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Temp Industry Trade Association Whitewashes Safety Issues, Says National COSH

Thursday, October 27, 2016
Press Contacts:

Roger Kerson, 734.645.0535; [email protected]

SAN DIEGO, CA- The American Staffing Association, trade group for the fast-growing temporary and contract worker industry, has ignored critical safety issues at “Staffing World 2016,” a national conference taking place this week in San Diego.

“One out of every six workers who dies on the job in the United States is a temporary or contract worker,” said Jessica Martinez, co-executive director of the National Council for Occupational Safety and Health (National COSH), which advocates nationwide for workplace safety. “Saving lives and reducing injuries should be at the top of the industry’s agenda. But with thousands of attendees and dozens of conference sessions, the American Staffing Association is paying scant attention to safety, training, employer responsibility and other issues that can make workplaces safer.”

More than 800 temporary or contract workers died on the job in 2014, according to the U.S. Bureau of Labor Statistics. Earlier this week, the U.S. Occupational Safety and Health Administration (OSHA) renewed a safety partnership with ASA, with the goal of “protecting temporary employees from workplace hazards.”   But with almost no content on safety at their annual conference, and no worker representatives on the organization’s safety committee, it is unclear whether ASA is fulfilling the terms of its partnership.

A review of the three-day conference agenda- more than 60 workshops, plenaries and panels- shows just one session at Staffing World 2016 devoted to safety- a walkaround of the San Diego Convention Center.

“Temp workers often don’tget the training they need and constantly face hazards on the job,” said Dave DeSario, a former temp employee and producer of “A Day’s Work,” an award-winning film about the death of temporary worker Day Davis. “Unfortunately, the industry seems more interested in cleaning up its image than in cleaning up the workplaces where temp workers are exposed to injuries, illnesses and sometimes life-threatening conditions.”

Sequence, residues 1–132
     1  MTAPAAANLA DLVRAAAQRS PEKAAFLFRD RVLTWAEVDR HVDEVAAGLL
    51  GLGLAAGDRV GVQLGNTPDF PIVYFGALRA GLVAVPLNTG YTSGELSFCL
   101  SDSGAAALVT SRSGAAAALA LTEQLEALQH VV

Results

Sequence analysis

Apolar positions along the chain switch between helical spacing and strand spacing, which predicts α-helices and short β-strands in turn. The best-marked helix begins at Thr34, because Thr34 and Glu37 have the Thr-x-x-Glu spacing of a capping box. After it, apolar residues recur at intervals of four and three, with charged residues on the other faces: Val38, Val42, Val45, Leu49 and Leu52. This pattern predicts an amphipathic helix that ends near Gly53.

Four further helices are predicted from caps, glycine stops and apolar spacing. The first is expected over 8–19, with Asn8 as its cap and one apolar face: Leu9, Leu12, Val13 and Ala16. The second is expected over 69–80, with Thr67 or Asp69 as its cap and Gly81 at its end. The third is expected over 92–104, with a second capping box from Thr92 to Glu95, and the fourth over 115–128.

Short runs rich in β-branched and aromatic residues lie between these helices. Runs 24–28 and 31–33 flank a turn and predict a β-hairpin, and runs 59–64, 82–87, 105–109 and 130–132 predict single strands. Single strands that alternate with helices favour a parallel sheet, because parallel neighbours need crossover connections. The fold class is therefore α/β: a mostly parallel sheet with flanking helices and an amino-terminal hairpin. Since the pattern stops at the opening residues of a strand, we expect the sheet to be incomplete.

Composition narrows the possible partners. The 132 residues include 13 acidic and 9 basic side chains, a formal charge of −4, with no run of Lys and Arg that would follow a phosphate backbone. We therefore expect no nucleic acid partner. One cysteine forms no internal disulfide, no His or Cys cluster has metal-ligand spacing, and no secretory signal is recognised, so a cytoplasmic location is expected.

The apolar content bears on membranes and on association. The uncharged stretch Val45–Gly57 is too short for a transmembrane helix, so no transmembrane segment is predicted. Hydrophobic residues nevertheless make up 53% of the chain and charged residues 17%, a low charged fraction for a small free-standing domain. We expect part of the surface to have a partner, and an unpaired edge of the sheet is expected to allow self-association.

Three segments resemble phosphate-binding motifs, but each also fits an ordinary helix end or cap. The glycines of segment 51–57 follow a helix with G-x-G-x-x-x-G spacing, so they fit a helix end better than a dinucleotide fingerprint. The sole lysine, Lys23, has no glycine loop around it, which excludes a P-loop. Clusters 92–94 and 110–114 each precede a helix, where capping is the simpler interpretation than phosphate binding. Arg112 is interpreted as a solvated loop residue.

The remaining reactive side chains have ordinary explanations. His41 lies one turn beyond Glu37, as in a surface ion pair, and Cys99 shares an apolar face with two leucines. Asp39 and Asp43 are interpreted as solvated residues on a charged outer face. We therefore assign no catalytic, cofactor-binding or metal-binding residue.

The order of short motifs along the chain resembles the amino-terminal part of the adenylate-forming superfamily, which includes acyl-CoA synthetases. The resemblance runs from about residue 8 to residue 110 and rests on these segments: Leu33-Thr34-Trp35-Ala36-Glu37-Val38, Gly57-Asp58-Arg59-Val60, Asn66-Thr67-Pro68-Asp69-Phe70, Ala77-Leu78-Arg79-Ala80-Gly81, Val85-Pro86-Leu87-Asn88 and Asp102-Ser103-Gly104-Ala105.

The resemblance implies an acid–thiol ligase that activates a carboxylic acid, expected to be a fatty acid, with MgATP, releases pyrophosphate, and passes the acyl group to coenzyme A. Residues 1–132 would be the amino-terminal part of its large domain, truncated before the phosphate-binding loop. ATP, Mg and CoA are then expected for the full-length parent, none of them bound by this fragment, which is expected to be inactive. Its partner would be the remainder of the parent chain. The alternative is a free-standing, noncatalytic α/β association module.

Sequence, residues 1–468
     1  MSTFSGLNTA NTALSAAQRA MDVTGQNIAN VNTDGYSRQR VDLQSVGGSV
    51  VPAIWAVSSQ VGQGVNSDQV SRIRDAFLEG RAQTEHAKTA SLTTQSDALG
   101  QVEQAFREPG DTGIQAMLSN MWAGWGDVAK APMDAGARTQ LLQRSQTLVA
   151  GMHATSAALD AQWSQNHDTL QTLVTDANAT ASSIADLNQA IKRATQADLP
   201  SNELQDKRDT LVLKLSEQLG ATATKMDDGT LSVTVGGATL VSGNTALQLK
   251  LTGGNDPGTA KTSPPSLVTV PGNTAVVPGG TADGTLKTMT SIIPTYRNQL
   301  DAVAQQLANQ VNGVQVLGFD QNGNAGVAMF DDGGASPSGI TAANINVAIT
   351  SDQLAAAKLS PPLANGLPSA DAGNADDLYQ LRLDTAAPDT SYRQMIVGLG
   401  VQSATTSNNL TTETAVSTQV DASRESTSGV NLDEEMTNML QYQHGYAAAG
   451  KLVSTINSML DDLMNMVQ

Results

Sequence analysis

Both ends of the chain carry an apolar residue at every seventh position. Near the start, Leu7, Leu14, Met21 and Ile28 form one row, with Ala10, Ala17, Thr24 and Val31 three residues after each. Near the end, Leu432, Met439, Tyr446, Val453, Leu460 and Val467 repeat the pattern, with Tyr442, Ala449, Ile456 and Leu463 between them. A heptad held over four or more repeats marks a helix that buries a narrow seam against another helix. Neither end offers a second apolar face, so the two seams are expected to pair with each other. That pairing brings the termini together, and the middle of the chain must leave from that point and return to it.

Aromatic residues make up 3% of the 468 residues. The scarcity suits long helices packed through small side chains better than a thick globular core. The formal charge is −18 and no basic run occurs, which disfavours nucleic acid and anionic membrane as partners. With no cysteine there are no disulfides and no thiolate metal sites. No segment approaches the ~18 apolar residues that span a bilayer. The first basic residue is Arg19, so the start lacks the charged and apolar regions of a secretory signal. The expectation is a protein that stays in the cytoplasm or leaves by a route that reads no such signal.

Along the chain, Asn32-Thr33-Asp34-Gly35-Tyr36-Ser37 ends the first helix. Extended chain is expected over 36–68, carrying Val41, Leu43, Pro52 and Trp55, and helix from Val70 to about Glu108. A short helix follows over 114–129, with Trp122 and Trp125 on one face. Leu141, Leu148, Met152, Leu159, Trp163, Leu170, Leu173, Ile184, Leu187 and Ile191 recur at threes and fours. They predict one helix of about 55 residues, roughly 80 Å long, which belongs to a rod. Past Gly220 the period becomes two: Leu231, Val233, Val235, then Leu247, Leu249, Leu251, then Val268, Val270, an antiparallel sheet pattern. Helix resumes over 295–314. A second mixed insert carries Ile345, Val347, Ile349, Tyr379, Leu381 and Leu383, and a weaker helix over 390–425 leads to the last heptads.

“ASA’s Employee Safety Committee includes only management representatives and zero employees,” DeSario said, “although OSHA alliances require union or worker participation.”

“We” ve learned time and again that the way to make workplaces safer is to empower workers,” said Lou Kimmel, executive director of New Labor, a New Jersey-based workers’ center that assists temporary workers, immigrants and undocumented workers in organizing to improve their working conditions. “Workers know where the problems are and they know how to fix them. When we organize, workers can win their right to a safe workplace, so everyone can go home safely to their families.”

According to the American Staffing Association, more than three million workers are on assignment for U.S. staffing companies during a typical work week. A multi-state investigation of the hazards of temporary work by ProPublica found workplace injury rates 36 to 72 percent higher for temporary and contract workers than for full-time employers.  

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National COSH links the efforts of local worker health and safety coalitions in communities across the United States, advocating for elimination of preventable hazards in the workplace. For more information, please visit   Follow us at National Council for Occupational Safety and Health on Facebook, and @NationalCOSH on Twitter.